Different breeds of sheep NOT aside, if I’m buying fleece, what breeds do we have now that are most like what they had then?

I live in Australia so I’ve had a look at what’s around when it comes to fleece (from anything) to spin. What I see is alpaca, cashmere and corriedale.

I’ve seen a small amount of English Leicester, merino, some camel and some angora rabbit.

I think much more research is required!

First Completed Wool

Remember this wool? Well I took it off the spindle and it turned into a million tiny corkscrews. It was fun to play with! I washed it and hung it to set the twist but it didn’t quite work so yesterday I had another go and actually put it back on my niddy noddy to dry. Not sure if that’s right or not but it’s not kinking up any more!

This is what it looks like

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Not bad for a first attempt I think!

 

More spinning videos

This woman here is doing a technique very similar to what I’ve developed.

as is this one

I’ve heard a lot of people say that this method couldn’t have been used in the middle ages as it isn’t productive enough. It’s too slow and they would have developed something faster. The reason it’s seen as being too slow is that it takes longer to twirl the spindle than let it free-spin. But, faster spinning wouldn’t help here as it takes just as long to evenly draft out a thread as it does to spin it up. Notice how in both videos their hands are both in constant motion. I notice in the first video that the lady is constantly adjusting what she’s drafting and pulling out snarls and lumps etc. Her spinning hand does not slow her drafting hand at all. If anything, it’s the other way around.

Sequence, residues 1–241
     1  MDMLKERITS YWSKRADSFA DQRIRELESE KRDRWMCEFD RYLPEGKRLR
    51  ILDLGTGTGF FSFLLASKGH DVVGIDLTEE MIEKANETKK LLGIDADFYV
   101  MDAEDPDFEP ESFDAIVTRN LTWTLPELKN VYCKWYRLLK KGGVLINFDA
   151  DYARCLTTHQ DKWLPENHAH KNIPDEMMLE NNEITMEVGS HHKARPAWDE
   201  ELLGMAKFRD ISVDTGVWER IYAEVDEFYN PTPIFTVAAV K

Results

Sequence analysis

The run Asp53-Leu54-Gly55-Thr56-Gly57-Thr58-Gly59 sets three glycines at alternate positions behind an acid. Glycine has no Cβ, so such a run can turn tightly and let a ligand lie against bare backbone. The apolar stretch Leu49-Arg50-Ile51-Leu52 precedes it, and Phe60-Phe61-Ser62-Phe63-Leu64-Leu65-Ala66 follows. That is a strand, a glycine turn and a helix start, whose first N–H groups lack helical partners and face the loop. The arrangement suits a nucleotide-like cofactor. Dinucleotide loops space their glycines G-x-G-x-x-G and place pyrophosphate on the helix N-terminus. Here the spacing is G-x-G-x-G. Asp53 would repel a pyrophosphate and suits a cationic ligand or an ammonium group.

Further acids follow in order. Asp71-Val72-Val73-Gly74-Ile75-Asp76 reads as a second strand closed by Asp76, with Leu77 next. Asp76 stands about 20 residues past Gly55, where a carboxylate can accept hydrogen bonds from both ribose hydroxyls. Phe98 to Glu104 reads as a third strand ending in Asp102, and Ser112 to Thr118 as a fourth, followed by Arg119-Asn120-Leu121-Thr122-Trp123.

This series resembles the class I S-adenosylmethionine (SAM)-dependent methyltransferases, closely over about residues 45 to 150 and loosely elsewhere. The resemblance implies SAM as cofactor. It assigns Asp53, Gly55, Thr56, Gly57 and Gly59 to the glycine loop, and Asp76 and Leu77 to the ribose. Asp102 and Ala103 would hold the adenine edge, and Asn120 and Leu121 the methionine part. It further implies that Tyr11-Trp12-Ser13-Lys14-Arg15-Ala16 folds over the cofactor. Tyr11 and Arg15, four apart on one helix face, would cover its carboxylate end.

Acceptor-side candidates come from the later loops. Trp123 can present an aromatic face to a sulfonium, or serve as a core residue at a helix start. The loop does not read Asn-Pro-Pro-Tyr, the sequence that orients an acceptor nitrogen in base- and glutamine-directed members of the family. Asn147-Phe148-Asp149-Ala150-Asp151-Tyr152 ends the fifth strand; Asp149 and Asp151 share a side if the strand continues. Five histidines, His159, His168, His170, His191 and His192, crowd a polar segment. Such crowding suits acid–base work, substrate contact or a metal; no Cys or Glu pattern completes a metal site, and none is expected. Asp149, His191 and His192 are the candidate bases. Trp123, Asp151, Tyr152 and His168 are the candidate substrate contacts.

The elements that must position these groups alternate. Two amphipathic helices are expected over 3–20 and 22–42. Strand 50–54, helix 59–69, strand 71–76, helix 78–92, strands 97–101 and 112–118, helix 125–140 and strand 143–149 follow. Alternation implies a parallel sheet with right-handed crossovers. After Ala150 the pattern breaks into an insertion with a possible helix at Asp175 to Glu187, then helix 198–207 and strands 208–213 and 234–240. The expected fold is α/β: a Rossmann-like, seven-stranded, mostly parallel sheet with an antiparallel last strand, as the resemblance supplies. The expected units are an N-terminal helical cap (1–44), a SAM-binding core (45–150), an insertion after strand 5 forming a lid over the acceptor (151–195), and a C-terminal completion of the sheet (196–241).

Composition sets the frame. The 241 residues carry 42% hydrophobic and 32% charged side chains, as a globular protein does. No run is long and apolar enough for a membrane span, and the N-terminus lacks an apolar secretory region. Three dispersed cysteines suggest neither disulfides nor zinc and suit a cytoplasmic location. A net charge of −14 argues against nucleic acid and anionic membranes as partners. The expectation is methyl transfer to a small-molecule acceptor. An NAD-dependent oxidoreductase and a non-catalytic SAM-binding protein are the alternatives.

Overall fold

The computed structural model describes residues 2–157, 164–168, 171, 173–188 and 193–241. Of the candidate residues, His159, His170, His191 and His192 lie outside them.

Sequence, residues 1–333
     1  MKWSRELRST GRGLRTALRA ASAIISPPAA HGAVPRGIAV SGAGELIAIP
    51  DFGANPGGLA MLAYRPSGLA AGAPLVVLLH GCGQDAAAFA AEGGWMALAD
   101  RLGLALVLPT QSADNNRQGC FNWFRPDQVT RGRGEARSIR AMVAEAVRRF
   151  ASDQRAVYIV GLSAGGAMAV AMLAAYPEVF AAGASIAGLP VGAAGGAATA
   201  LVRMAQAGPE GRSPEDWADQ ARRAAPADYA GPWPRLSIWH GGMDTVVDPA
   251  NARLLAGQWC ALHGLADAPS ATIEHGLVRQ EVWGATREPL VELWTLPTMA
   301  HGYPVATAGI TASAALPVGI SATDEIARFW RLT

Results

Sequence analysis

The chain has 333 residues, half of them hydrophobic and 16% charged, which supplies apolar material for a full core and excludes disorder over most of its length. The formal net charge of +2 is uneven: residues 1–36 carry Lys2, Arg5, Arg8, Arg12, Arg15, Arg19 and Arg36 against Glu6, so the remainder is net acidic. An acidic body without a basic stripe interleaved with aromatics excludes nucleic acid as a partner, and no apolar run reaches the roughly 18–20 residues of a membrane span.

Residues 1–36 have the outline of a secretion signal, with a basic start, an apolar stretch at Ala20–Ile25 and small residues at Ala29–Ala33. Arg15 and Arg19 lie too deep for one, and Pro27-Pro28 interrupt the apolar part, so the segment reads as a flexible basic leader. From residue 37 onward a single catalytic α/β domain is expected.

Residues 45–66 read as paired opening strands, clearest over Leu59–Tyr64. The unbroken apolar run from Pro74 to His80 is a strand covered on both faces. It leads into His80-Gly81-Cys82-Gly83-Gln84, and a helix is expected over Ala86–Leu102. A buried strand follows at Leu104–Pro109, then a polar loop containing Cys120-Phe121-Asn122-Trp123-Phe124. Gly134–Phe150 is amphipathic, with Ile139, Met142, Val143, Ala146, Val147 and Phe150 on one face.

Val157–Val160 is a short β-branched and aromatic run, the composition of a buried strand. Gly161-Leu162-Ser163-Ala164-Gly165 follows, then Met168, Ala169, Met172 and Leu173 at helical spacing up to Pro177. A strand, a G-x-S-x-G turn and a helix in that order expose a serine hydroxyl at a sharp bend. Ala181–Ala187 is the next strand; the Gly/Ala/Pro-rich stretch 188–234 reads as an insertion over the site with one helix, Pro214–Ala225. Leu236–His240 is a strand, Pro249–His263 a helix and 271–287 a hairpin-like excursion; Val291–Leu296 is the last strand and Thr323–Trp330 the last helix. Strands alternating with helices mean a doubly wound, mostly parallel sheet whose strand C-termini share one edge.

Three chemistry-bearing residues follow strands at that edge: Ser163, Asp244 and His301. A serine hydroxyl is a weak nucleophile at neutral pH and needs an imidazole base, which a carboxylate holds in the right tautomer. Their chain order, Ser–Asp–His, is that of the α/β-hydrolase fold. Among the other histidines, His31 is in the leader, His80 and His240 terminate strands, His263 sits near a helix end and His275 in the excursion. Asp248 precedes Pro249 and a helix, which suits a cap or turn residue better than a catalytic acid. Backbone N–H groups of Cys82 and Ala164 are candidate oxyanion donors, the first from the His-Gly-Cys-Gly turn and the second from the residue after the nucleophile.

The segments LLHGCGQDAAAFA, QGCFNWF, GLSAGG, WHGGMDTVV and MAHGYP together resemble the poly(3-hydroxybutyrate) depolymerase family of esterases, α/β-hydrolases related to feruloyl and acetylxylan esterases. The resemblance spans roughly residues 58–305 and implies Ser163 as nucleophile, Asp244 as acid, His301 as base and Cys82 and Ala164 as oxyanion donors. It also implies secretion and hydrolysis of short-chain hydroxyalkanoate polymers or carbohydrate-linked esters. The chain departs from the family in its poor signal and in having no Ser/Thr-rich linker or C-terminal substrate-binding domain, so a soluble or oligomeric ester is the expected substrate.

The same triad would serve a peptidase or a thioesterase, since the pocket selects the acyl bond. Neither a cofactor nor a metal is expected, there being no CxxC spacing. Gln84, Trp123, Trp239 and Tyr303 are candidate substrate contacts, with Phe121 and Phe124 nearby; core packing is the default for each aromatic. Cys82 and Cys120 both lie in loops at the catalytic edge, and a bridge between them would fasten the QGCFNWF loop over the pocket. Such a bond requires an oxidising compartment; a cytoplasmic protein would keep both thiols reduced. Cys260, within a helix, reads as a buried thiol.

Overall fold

I wonder how they prepared their fibre in the 15th century. With many wonderful modern preparations drafting can take no time at all so maybe fibre prep could be a contributing factor to the spinning method that was developed.

 

 

 

 

Returning

Well, after my last re-enactment event for the year I was thrown into planning for my overseas trip, then I was overseas for a month then straight back to working a retail Christmas! Well, that’s the real-life stuff over and done with. Since my last post I’ve acquired a far more accurate spindle and lodged quite a few hours of my new method spinning. After my absence I’m back to document all I’ve learned and to continue my research including my plans for an accurate distaff

 

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Spinning in my encampment.